Should we learn this formula by heart? I’m overdosing on formulas, if i can let go of one, I will. As per LOS: “distinguish between and interpret the R2 and adjusted R2 in multiple regression;”

I’m pretty sure that I wouldn’t.

(Note: I have only limited space left in my brain; your mileage may vary.)

Term 1 =1

Term2 ((n-1)/(n-k-1))*(1-R^2)

Even though it is difficult to remember, few points can help to select the right answers:

1. Adj will be always be less than R^2 (one of the choices will be greater than R^2, we can rule out that one…;)).

2. Term 2 should be large enough so that ouput (1-term2) will be smaller than R^2.

3. To make Term 2 larger, Numerator (n-1) should be larger than denominator (n-k-1).

4. Numerator(n-1) is the “degree of freedom” of total variation.

5. Denominator(n-k-1).is the “degree of freedom” of unexplained error.

I have (I think) an easier way to remember the “formula” for Adjusted R-squared.

MSE (Mean Squared Error) = SSE/(n-k-1) and VAR(Y) = SST/(n-1)… where SSE is the sum of squared errors and SST(Y) is the total sum of squares for Y (total variation in Y)… These are just variances (MSE and VAR(Y)), so this should seem less daunting.

Adjusted R-squared = 1 - [MSE/VAR(Y)] … try it out with a couple of practice problems— after accounting for the degrees of freedom (which is partly the point of adjusting R-squared ), the explained variance is total variance of Y minus the unexplained variance of Y (SER squared, MSE). To calculate adjusted R-squared, simply put this difference over the total variance of Y— this simplifies to 1 - [MSE/VAR(Y)].

Regular R-squared is 1 – [SSE/SST(Y)].

Realistically, you’re not dealing with anything new, exactly. If you remember it in terms of the variances, I don’t think it will be as difficult to remember or work with going forward.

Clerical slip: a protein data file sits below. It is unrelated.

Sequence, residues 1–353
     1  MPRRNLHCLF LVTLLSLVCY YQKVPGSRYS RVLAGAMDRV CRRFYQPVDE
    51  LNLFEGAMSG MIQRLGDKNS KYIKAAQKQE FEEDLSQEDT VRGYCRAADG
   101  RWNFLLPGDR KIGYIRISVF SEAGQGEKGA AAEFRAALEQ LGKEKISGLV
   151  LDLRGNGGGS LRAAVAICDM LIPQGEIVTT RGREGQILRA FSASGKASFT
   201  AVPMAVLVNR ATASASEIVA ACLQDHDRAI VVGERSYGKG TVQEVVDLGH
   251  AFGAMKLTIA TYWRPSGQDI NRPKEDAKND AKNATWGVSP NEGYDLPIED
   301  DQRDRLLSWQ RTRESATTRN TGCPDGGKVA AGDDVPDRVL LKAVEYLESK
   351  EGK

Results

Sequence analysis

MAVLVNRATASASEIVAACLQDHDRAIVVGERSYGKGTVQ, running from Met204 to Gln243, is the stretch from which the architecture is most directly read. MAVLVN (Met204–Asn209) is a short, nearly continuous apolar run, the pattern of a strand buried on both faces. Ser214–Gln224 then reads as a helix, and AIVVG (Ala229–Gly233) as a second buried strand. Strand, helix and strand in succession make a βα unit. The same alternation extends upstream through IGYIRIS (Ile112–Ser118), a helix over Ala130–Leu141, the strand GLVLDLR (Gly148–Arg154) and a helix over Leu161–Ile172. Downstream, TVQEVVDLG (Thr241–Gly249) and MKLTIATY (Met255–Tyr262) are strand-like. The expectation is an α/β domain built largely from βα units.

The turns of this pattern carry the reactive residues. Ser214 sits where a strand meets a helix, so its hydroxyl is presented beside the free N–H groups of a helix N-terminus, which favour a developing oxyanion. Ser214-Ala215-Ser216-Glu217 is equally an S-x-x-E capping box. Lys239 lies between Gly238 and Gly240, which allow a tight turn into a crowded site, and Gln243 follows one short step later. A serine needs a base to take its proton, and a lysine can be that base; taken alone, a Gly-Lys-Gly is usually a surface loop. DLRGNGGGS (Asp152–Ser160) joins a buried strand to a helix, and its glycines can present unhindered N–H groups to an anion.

For the LOS, I think it’s safe to assume they want you familiar with some of the distinctions between the two forms and to know when one is appropriate versus the other.

Hope this helps!

I ain’t remembering it, screw it. If they wanted us to calculate it, they would’ve put “calculate” in the LOS, as they did for all other formulas.

Well, I tried haha… Honestly, I can’t see them wasting their time asking you to calculate adjusted R-squared, but, then again, I could see someone saying “a calculation would imply a basic understanding” or something like that. Either way, we’re not going to know everything. I think this LOS is pretty low-yield-- aside from knowing why you might make an adjustment to R-squared (just my opinion, though).

Don’t memorize a formula included in a stat package software…

I’m not sure which formulas to memorize and which ones I shouldn’t.

Here’s another one when calculating prediction intervals:

sf^2 = s^2 [1+(1/n)+(x - xbar)/(n-1)sx^2]

(don’t have the book with me right now so I’m not even sure that’s correct).

EDIT: corrected formula

^ Yeah that one is a pain. And there are multiple CFAI EOC questions that require it to be calculated…

I remember the adjusted ra2 formula by keeping it symmetrical. 1-ra2= ((n-1)/(n-k-1)) (1-r2)

What is this formula? I’ve never seen it anywhere.

It’s from LOS 9i- calculate and interpret a confidence interval for the predicted value of the dependent variable. I believe we are suppose to know it.

+1

In the real world, I agree, but being familiar with the calculation is certainly helpful when you run into issues or are evaluating your model. However, this doesn’t seem to be the best rule of thumb. If they ask you to calculate and interpret the global f-test for total model utility, I would say you don’t understand the basic idea of the f-statistic for the test if you’re unable to calculate it (same goes for r-squared, t-tests, etc.). If you truly have intuition about these ideas, the calculation should be easier to remember.

Remarkable statement.

Softwares should be tools only, not a replacement of our minds.